TORONTO (JTA) — A Montreal taxi driver is fighting fines for having Jewish artifacts in his cab.
Arieh Perecowicz has received six tickets totaling $1,400 from the Bureau du Taxi, a municipal agency whose inspectors ordered the cabbie to remove the offending items. He is scheduled to be in municipal court next week to argue that the authorities are violating his rights to freedom of expression under Canada’s Charter of Rights and Freedoms.
Perecowicz, 65, told the Canadian media that he is not especially religious, but is comforted by having articles of his Jewish faith in the car, including photos of the late Lubavitcher rebbe and two mezuzahs affixed to the car frame between the front and back doors. His dashboard also displays photos of his wife and daughter, as well as a small Canadian and an Israeli flag.
"In 43 years, no one has said they were offended or opened the door to take another taxi," he told the Globe and Mail. "I am secular but I do have roots and a culture. These items mean something to me, and that’s why I’ve always had them in my car."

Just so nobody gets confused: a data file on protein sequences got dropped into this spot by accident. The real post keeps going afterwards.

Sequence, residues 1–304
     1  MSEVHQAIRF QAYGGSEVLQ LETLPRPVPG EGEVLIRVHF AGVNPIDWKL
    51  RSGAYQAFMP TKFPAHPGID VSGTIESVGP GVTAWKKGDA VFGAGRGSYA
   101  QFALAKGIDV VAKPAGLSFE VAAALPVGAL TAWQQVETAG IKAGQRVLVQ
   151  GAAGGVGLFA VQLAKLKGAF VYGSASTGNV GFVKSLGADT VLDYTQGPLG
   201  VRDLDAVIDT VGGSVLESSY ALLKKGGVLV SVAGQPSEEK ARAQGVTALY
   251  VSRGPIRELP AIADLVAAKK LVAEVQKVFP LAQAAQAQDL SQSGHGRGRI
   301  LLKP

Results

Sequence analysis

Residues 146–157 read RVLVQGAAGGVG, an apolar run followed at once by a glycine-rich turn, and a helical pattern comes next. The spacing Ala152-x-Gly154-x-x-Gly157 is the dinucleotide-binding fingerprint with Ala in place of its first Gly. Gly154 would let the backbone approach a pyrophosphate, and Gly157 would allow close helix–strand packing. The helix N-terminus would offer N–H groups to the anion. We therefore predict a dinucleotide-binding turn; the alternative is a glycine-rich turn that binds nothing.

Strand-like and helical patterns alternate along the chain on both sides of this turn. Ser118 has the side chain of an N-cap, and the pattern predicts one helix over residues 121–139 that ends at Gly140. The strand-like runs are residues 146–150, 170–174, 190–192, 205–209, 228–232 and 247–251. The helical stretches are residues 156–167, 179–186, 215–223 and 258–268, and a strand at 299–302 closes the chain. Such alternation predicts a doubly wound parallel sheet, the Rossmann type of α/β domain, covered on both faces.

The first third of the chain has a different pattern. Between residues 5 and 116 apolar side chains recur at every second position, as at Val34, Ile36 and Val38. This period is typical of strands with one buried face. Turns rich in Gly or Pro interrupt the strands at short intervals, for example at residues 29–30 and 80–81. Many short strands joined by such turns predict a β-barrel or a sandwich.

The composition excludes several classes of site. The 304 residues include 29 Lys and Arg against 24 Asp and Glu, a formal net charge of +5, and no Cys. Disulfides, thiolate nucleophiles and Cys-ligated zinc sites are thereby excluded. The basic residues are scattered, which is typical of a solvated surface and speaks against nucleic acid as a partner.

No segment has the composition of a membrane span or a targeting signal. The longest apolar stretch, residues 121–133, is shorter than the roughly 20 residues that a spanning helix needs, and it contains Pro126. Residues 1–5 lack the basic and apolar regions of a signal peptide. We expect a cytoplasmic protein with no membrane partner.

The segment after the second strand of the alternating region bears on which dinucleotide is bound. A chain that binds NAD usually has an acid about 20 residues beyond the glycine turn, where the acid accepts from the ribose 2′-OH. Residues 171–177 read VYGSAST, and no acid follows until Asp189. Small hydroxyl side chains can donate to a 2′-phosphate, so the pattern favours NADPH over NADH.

Perecowicz is being prosecuted under a section of Montreal’s taxi bylaw that says drivers may not have objects or inscriptions in their cabs that are "not required for the taxi to be in service." He claims he began receiving tickets only after speaking out in the media in 2006 to complain that the taxi bureau was failing to crack down on unlicensed cabs.
Perecowicz cannot afford a lawyer and is representing himself in court. But he has been given support by the Quebec Jewish Congress, which says the case is an important test of rights.
"This is an issue of freedom of religious expression," Abby Shawn, a human rights lawyer with the congress, told the Globe and Mail. "This is the only case we know of where the taxi bureau has requested a taxi driver to remove his religious icons. It [the bylaw] has been applied in a very discriminatory fashion."